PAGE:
I personally don't have anything against RNs administering low dose propofol, but this subject is highly controversial and only about 20+ odd states allow RNs to administer propofol/fospropofol along with few other drugs like ketamine for sedation purposes. Fospropofol is a new drug and carries the same anesthesia only labeling as propofol just so you don't get tricked into using one over the other.

    Just a personal pet peeve of mine and please don't take offense: MAC is a billing term that anesthesia uses to describe sedation when it is administered by an anesthesia provider. When you administer moderate sedation you should know that there are 4 levels of sedation: Minimal, Moderate, Deep and General anesthesia. As an RN in the outpatient setting with a nonsecured airway you should try to stay within minimal to moderate sedation realm, and know what to do if it goes beyond that level.

    Here is website that I have found that is at least worth a look through if you are considering outpatient sedation. SedationFacts.org: Moderate Sedation (Conscious Sedation) Information
    Hoozdo likes this.
  5. 0
    I thought MAC automatically meant deep sedation...beyond moderate at any rate. I didn't know it was a billing term. TY. <--- me (?)

    Sedation level used at previous place of employment posted above -- deep.
    Last edit by CNL2B on Jul 15, '10 : Reason: addition
  6. 0
    Quote from CNL2B
    I thought MAC automatically meant deep sedation...beyond moderate at any rate. I didn't know it was a billing term. TY. <--- me (?)
    Nope, I can walk in to do anesthesia for cataracts give nothing more than 0.5mg of Versed or nothing for the whole case, but because I am in there monitoring the patient for the whole case I can bill for MAC or at least I could if I was civilian and not military.
  7. 1
    Quote from wtbcrna
    If your going to do moderate sedation (old term conscious sedation) anywhere you should have the same basic supplies you would have available in the ICU.

    1. Suction
    2. Oxygen
    3. BVM
    4. Oral/Nasal airways
    5. A reliable way to automatically take BP (every min if needed), continuous pulse ox/EKG, and preferably end tidal CO2 monitor.
    6. Up to date crash cart with everything you need for a code.
    7. Designated code plan (such as how do get the patient to the nearest ER/how are the EMTs going to easily get to you, if you can't ventilate the patient with a BVM who attempts to intubate the patient)
    8. You also need to have an established protocol to determine which patients are too sick/unqualified to have outpatient sedation done by nonanesthesia providers (such as ASA 3-4pts, patients over a certain BMI, patients with moderate to severe OSA, chronic pain patients on high dose narcotics etc).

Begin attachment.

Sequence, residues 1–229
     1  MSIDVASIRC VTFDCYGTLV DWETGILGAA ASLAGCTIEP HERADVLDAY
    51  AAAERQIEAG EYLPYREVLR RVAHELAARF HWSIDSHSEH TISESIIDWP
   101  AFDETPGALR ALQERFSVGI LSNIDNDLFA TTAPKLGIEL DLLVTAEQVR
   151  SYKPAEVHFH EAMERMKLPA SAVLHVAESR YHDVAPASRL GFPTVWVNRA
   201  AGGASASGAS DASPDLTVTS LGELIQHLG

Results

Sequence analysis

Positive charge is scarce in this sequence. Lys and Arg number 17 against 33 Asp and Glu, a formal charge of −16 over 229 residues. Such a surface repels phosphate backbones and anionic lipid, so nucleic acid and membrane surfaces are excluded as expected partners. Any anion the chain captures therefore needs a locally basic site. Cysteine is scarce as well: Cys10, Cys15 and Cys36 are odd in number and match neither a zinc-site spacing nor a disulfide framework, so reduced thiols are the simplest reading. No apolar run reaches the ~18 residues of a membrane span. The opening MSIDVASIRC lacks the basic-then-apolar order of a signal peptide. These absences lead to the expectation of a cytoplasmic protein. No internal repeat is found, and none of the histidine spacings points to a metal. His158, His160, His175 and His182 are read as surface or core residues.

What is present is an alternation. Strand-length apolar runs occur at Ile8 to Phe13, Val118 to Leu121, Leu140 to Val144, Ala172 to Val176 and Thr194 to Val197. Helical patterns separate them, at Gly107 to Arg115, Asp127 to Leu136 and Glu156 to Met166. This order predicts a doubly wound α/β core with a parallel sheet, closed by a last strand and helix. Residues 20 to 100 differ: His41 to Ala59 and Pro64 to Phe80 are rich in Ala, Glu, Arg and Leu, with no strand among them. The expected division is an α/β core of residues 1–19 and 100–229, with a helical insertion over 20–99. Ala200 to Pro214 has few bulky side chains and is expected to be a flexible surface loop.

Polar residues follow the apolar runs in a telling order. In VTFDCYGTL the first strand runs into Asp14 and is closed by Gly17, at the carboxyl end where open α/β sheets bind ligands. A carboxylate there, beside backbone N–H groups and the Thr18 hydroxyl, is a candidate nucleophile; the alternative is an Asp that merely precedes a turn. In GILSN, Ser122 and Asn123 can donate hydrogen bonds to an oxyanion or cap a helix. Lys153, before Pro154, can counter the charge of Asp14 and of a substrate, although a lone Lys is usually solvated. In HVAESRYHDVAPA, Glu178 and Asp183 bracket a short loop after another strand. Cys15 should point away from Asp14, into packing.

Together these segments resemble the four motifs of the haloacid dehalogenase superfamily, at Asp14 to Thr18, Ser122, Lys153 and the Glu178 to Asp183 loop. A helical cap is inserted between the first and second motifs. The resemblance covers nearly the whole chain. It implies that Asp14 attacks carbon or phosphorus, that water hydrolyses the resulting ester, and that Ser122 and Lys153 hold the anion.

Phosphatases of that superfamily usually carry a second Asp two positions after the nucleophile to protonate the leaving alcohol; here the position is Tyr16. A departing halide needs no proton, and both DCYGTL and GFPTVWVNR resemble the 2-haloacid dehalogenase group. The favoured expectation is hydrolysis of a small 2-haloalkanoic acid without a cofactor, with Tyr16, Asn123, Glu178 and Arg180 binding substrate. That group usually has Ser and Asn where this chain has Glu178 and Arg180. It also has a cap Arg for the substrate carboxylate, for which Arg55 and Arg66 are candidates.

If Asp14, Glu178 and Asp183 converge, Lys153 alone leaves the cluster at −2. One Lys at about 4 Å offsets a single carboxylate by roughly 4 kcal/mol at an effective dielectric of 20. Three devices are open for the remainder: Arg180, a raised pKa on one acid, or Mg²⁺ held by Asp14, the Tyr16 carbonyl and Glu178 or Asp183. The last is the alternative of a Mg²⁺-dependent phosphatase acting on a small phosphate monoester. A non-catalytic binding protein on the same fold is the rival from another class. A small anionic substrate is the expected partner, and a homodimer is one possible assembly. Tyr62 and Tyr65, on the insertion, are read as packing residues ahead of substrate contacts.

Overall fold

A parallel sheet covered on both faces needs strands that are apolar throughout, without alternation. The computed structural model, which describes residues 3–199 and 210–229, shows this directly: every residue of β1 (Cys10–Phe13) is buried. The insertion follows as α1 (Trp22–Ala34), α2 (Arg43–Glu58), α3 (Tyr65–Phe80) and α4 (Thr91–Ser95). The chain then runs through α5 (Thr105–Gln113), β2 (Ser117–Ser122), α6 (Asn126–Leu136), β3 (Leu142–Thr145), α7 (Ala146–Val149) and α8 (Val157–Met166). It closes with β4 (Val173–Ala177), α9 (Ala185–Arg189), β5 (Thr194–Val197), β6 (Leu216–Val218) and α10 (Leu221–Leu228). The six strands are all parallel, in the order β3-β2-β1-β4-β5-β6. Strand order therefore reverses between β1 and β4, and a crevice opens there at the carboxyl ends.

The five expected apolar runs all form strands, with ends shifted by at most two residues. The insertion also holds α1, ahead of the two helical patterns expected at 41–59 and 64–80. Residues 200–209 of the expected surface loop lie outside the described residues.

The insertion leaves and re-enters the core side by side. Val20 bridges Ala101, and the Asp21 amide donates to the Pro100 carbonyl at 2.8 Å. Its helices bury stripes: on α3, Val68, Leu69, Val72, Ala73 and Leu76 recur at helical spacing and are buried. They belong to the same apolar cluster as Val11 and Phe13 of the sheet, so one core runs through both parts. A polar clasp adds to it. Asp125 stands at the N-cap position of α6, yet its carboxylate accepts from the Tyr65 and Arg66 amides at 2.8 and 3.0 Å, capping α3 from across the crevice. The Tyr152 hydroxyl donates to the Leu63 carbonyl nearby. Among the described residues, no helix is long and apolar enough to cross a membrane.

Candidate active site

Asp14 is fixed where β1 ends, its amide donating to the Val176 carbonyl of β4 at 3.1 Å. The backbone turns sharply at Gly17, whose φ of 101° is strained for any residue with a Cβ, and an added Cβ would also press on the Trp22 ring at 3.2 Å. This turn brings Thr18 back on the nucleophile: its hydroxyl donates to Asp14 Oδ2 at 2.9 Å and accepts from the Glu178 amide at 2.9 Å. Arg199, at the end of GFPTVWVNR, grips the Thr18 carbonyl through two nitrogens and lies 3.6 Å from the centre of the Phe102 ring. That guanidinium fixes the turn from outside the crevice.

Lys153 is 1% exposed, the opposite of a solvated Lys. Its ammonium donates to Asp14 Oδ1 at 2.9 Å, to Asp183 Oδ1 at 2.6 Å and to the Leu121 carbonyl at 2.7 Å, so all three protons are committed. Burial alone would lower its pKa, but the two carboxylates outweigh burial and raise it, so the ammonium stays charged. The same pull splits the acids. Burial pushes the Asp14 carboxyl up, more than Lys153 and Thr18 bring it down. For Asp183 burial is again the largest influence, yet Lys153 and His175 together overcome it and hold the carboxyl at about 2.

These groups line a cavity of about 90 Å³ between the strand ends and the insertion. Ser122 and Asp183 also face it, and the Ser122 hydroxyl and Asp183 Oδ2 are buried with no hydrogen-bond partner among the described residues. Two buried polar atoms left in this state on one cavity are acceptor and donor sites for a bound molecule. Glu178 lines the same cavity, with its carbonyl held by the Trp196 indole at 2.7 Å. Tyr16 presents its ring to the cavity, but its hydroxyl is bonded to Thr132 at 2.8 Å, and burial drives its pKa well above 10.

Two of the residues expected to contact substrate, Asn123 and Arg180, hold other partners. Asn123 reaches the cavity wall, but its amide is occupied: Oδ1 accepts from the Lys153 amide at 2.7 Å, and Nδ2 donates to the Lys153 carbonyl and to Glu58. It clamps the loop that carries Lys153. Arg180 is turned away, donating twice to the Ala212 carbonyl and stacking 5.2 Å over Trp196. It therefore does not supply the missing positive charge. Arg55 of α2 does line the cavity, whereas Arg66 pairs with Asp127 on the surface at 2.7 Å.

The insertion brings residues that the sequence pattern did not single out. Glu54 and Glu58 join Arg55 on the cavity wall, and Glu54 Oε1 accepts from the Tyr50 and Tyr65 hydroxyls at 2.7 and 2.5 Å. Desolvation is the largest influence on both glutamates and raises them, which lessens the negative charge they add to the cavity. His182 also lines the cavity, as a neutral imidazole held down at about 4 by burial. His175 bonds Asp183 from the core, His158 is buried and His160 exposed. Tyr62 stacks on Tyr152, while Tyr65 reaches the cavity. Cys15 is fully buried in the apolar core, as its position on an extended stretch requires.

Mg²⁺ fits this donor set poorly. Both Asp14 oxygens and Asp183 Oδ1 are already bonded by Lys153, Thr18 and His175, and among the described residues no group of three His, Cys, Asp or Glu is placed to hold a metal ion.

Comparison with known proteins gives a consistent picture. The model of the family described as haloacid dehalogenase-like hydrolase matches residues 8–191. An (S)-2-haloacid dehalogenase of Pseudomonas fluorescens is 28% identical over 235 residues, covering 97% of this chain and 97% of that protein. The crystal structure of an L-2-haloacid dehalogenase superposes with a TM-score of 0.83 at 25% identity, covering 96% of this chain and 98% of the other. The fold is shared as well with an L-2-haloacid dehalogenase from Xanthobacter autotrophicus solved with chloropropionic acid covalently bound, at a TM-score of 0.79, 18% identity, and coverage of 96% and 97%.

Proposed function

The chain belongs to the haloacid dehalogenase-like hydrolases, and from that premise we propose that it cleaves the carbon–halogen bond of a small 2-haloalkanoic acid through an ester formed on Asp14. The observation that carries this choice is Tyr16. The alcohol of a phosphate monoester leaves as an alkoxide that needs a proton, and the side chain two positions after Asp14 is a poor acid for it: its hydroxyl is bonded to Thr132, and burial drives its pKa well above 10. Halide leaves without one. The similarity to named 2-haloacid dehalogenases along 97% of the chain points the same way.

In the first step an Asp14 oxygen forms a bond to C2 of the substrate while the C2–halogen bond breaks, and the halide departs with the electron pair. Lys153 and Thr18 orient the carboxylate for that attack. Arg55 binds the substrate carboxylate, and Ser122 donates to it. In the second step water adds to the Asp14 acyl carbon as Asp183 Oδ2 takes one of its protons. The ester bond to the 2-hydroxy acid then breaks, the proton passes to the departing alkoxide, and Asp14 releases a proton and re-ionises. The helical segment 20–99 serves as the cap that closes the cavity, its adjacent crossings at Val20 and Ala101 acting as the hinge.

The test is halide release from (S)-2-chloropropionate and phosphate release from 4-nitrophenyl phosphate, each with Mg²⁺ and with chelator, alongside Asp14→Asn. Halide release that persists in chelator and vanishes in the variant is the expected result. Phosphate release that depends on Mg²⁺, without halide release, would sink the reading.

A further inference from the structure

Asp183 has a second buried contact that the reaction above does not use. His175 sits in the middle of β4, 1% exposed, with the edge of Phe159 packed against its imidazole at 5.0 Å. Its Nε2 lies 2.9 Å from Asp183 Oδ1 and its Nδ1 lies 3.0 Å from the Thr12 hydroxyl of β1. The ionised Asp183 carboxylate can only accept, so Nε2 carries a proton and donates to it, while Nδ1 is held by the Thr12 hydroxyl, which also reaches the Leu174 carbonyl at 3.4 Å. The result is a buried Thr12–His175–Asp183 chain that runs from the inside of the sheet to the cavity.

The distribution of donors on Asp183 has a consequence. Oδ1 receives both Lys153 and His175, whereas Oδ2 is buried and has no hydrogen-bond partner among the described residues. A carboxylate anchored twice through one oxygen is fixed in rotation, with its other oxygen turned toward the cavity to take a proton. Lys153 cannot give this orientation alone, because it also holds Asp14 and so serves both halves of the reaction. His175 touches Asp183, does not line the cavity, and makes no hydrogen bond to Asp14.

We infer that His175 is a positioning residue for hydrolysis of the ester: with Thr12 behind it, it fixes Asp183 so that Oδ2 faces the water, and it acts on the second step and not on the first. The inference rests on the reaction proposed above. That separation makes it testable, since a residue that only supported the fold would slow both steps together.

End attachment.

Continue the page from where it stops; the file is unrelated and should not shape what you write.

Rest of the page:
I personally don't have anything against RNs administering low dose propofol, but this subject is highly controversial and only about 20+ odd states allow RNs to administer propofol/fospropofol along with few other drugs like ketamine for sedation purposes. Fospropofol is a new drug and carries the same anesthesia only labeling as propofol just so you don't get tricked into using one over the other.

    Just a personal pet peeve of mine and please don't take offense: MAC is a billing term that anesthesia uses to describe sedation when it is administered by an anesthesia provider. When you administer moderate sedation you should know that there are 4 levels of sedation: Minimal, Moderate, Deep and General anesthesia. As an RN in the outpatient setting with a nonsecured airway you should try to stay within minimal to moderate sedation realm, and know what to do if it goes beyond that level.

    Here is website that I have found that is at least worth a look through if you are considering outpatient sedation. SedationFacts.org: Moderate Sedation (Conscious Sedation) Information
    Anesthesiologists who also do pain management are not allowed to supervise sedation and do a block simulataneously.
    Hoozdo likes this.
  8. 0
    Quote from subee
    Anesthesiologists who also do pain management are not allowed to supervise sedation and do a block simulataneously.
    Hmm...where is that written, and how is that different than a GI doc or any other physician/practitioner supervising sedation during a procedure. The anesthesiologist can't be the one administering/monitoring the patient while doing a pain procedure if that is what you mean. MDAs and other practitioners supervise sedation all the time during pain procedures.
  9. 0
    Sorry, I wasn't clear. We're using Propofol for sedation in the pain cases - not conscious sedation.


Top